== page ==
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Agenda Item No.

CABINET

Minutes of a meeting held on 09 February, 2015.

 

Present: Councillor N. Moore (Chairman), Councillor S.C. Egan (Vice – Chairman); Councillors: B.E. Brooks, L. Burnett, R. Curtis, C.P.J. Elmore and G. John.

 

Also Present:

 

C2624  MINUTES –

 

RESOLVED – T H A T the minutes of the meeting held on 26 January, 2015 be approved as a correct record.

 

C2625  DECLARATIONS OF INTEREST –

 

No declarations were received.

 

At the meeting the Leader welcomed the Director of Employment for the Welsh Local Government Association who was present to provide Cabinet with any further information if required in regard to Agenda Item no.10 titled Employee Pay Policy 2015/16.

 

C2626  EMPLOYEE PAY POLICY 2015/16 (L) (SCRUTINY COMMITTEE – CORPORATE RESOURCES) –

 

With the exception of the following, all officers vacated the room during consideration of this item: Cabinet Officer and Cabinet Support Officer.

 

Cabinet was asked to consider and endorse the Council's Pay Policy for 2015/16 as required by the Localism Act 2011 prior to its submission to Council for consideration and approval. 

 

The Council had a statutory requirement under the Localism Act 2011 to prepare a

pay policy statement for each financial year. The first statement was approved by Council in March 2012.

 

The proposals set out in the report raised a number of potential conflicts of interest for members of the Council's Corporate Management Team. In view of this, advice had been sought and received from the Welsh Local Government Association (WLGA) on the updating of the Policy and particularly in relation to issues set out in paragraphs 9 to 16.

 

In view of this, the Director of Employment from the WLGA was also in attendance at the meeting to answer any questions or points of clarification that were required.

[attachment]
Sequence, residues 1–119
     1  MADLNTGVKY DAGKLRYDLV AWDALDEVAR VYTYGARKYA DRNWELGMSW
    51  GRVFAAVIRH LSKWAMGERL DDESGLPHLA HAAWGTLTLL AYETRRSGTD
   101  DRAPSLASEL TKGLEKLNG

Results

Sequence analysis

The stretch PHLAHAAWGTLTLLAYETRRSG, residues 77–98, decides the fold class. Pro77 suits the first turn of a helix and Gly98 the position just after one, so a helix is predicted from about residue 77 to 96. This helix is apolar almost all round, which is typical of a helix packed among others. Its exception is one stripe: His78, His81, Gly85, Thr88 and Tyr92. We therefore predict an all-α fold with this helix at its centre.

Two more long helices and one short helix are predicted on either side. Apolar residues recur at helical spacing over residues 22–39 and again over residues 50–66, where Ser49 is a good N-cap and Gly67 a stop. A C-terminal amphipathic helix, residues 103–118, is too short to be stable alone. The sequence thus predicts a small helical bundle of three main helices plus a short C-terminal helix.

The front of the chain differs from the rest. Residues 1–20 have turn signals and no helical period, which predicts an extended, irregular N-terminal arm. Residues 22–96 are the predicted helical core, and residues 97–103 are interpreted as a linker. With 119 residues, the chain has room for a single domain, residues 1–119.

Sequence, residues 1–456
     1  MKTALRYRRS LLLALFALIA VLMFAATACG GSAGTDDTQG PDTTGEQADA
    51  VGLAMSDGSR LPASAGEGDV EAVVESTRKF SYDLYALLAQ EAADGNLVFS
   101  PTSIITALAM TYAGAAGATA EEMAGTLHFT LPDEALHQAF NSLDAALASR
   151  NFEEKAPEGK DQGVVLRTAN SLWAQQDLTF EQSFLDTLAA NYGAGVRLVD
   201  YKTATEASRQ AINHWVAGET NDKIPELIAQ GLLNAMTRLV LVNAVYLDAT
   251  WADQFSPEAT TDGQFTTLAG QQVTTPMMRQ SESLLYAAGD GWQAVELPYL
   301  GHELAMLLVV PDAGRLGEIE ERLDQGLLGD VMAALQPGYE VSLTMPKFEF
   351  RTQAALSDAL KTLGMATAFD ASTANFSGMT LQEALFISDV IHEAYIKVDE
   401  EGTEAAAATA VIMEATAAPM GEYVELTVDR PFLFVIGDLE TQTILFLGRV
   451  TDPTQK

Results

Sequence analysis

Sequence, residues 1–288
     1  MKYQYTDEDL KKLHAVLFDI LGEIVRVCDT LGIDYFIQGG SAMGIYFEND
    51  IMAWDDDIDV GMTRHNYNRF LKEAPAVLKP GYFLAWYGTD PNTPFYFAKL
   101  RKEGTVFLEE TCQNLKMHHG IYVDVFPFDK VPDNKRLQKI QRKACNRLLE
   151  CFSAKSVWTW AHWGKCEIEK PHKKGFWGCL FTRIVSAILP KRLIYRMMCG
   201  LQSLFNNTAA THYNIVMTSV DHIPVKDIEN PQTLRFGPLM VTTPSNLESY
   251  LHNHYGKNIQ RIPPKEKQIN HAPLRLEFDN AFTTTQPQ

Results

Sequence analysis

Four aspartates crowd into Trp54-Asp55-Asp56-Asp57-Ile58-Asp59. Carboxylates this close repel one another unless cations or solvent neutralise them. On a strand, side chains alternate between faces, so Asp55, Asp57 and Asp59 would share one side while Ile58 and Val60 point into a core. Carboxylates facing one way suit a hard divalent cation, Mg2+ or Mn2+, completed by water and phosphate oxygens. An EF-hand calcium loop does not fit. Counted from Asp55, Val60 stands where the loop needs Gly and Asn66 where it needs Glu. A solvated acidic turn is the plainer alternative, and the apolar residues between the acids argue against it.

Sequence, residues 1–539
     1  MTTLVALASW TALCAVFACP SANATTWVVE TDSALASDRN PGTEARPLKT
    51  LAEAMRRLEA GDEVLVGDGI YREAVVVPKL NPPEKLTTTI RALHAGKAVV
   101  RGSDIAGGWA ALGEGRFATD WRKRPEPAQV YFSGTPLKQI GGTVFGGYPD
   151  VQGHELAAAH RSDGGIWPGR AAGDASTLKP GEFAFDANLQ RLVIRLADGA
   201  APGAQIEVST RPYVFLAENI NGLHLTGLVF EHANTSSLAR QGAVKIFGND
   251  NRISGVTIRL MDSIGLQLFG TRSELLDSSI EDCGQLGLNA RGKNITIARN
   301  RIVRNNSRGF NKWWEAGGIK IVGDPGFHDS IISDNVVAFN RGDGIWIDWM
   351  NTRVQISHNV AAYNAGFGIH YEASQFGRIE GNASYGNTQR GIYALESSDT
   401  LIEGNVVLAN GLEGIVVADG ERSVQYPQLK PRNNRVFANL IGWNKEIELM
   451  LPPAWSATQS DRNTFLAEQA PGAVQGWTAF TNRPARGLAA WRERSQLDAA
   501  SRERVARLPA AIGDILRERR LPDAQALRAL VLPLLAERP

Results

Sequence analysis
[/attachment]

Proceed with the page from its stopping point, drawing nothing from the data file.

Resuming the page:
The Policy had been produced on the basis of statutory guidance, advice from the Welsh Local Government Association and guidance from Welsh Government and provided a framework for ensuring that employees were rewarded fairly and objectively, in accordance with the service needs of the Council and that there was openness and transparency in relation to the process.

 

The Pay Policy for 2015/16 attached at Appendix A to the report had been updated to incorporate the following:-

  • Updated guidance from Welsh Government as issued in February 2014
  • Changes as prescribed by the Local Authorities Standing Orders (Wales) (Amendment) Regulations 2014 which took effect from 1 July, 2014
  • The details of a national pay award for employees covered by the National Joint Council for Local Government Services
  • The outcome of a local collective agreement in relation to the removal of telephone allowances and the phasing out of remaining essential car user allowance payments

In addition, paragraphs 6.19 to 6.25 of the Pay Policy set out the detail of remuneration arrangements for staff undertaking duties in respect of elections and referenda/ballots.

 

The Policy also reflected updated guidance from Welsh Government as issued in February 2014 and changes prescribed by the Local Authorities Standing Orders (Wales) (Amendment) Regulations 2014 which took effect from 1 July, 2014.

 

A particular change as set out in the Local Authorities (Standing Orders) (Wales) (Amendment) Regulations 2014 was the introduction of the requirement that: “The relevant authority must determine the level, and any change in the level, of the remuneration to be paid to a chief officer”

 

The impact of the amendment was that all changes to chief officer pay must be voted on by full Council, not just those that were determined locally. This included any pay rises that had been nationally negotiated by the Joint Negotiating Committee (JNC) and these now could not be paid, unless and until, they had been agreed by full Council.

 

The Council’s Pay Policy had to be approved and re-published by the 31 March, 2015 in order to comply with the provisions of the Localism Act.

 

The Policy would be updated as appropriate to take into account any changes to the Council's senior management structure resulting from the Managing Director's recent decision to retire from her post in November 2014.

 

At the meeting the Director of Employment for the Welsh Local Government Association commented that the need for the Council to approve and publish an Employee Pay Policy had not changed but that the current version for 2015 / 16 did adequately reflect a number of additional statutory requirements and also advice from Welsh Government.